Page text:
Premier League Free Bets
Arguably the most famous football league in the world, the Premier League is home to some of the greatest (and best paid) players on the planet and the most-watched brand of football anywhere on earth.
How to claim your Premier League free bet
Making use of your Premier League free bet couldn’t be simpler. Begin by picking out which of the sign-up offers best suits your punting style and budget, then register for a new sports betting account with that bookmaker by clicking on a link or banner that you see on FREEbets.org.uk and entering your details. Once you have registered you’ll need to make an initial deposit (unless your chosen free bet offer states that no deposit is required) and place a bet.
Once your initial bet has been placed and settled, your Premier League free bet will be released. Then in order to utilise your free bet tokens simply place a bet in the same manner as you would normally, but select the ‘free bet’ icon before confirming.
Free Premier League bets can be used on anything from backing a team for relegation or a top four finish, to betting on the first goalscorer in any particular game, the match result or the number of corners taken.
Turn my free Premier League bet into winnings please!
OK! Betting on the winner of the Premier League has most seasons been a fairly easy choice with one team going into each season a clear favourite (mostly Manchester United). Chelsea's Russian millions helped them become contendors for a few years and Arsenal's wily professor Arsene Wenger brought them dominance for a short time. Now Manchester City’s newfound wealth and Tottenham’s resurgence has opened things up slightly and we're even seeing teams like Southampton and West Ham pushing the traditional 'Top 4' all the way.
David Moyes' disatrous spell as Manchester United manager in 2013-14 forced their outright odds to the longest they had been for some time for the 2014-15 season and opened up the market for the likes of Chelsea and Manchester City.
At the other end of the table the newly promoted sides are generally made the strong favourites to be relegated, with many punters opting to use their Premier League free bets to predict that a team coming up from the Championship will go straight back down. While the top-four finish market has become increasingly popular over the years as the battle for Champions League football takes increasing precedence.
Since the Premier League began online football betting has grown at an exponential rate. Punters can now use football free bets to wager on well over 100 markets for televised matches, with many markets being offered for In-Play betting. Betting for free on the Premier League is now an integral part of the online betting process.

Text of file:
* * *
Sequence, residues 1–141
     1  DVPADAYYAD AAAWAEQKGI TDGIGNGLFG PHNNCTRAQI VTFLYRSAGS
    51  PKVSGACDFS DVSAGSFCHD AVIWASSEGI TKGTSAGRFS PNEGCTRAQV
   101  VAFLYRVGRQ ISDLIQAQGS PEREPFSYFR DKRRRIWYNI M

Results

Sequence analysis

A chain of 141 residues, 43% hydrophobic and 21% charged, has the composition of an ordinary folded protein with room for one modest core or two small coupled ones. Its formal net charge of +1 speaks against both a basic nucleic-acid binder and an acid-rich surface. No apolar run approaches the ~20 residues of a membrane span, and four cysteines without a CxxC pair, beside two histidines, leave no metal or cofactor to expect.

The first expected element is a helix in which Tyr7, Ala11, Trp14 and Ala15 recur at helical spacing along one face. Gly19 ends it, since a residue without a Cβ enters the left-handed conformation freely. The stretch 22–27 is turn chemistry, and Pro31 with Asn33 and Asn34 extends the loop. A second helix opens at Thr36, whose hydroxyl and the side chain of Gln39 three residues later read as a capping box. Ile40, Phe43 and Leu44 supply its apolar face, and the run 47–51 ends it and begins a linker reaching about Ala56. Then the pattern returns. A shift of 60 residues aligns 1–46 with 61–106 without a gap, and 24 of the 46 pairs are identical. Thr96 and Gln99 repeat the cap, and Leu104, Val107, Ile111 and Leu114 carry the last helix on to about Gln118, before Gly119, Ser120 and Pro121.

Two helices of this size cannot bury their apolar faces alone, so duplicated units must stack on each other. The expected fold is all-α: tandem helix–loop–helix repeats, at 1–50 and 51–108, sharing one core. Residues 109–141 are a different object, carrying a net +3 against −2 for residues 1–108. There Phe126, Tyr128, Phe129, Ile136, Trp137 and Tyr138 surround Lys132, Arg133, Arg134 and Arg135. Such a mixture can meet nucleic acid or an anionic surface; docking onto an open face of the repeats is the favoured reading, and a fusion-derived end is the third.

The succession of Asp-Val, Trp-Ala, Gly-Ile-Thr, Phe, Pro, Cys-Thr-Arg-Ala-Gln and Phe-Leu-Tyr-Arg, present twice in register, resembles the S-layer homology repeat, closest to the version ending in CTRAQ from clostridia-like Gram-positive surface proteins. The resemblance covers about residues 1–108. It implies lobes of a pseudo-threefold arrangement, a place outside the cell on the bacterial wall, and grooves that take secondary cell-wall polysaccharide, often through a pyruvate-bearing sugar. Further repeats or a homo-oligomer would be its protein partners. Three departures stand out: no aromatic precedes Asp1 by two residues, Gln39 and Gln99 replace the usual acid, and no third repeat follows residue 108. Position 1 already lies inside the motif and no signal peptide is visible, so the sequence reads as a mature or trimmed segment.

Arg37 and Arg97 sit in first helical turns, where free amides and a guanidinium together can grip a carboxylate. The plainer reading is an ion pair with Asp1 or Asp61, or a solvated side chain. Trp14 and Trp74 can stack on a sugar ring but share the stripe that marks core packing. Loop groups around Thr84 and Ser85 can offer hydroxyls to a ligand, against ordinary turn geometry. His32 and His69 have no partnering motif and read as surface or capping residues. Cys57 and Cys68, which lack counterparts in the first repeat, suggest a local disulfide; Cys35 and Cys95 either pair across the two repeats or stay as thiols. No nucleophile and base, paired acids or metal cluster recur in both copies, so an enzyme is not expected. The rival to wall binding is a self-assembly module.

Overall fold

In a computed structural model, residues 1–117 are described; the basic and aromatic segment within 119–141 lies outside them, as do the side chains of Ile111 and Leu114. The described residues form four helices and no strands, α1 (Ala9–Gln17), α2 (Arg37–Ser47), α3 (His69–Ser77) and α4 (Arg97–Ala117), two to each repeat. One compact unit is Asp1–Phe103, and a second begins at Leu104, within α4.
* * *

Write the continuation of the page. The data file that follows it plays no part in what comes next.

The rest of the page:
Losing bets refunded on every Premier & Champions League match if a goal is scored in 90+ minute
Place a bet on ANY Soccer match and if the game finishes 0-0, you get your money back.
Get up to 100% bonus on your European Soccer accumulators (Including Premier League).
What free Premier League bets are avilable?
Literally anything and everything to do with the Premier League, from who will win, to who will get relegated, to who will finish in a Champions League spot. Traditional bets include the outrights of individual Premier League games, specific results and goalscorers in those games.
In recent years the popularity of the accumulator - betting on the outcome of more than one game - has risen and for a lot of fans choosing which teams to put into their acca each weekend has become part of the routine of Saturday morning. Due to its popularity some bookmakers now offer the chance to cash out an accumulator if all but one of the results are coming in or offer money back if one game lets you down.
There are also a range of special markets where you can bet for free on the Premier League; some depending on the outcome of games that weekend, some on the outcome of the season in its entirety. They include:
- Top goalscorer
- First goalscorer that weekend
- Top London club
- Top Midlands club
- Top Northeast club
- Top promoted team
- PFA Player of the Year
- PFA Young Player of the Year
- Highest scoring team
- Lowest scoring team
- Manager of the Year
- Top 6 finish
- Top 10 finish
Since the Premier League began online football betting has grown at an exponential rate. Punters can now use football free bets to wager on well over 100 markets for televised matches, with many markets being offered for In-Play betting. Premier League free bets are now an integral part of the online betting process.
The Premier League is currently sponsored by Barclays leading some fans to abbreviate it to the BPL (Barclays Premier League), which of course is wrong and a heinous crime against football. Some prefer to call it the EPL (English Premier League) and this is also wrong and will soon result in a ban from all Premier League stadiums should you be heard to use it.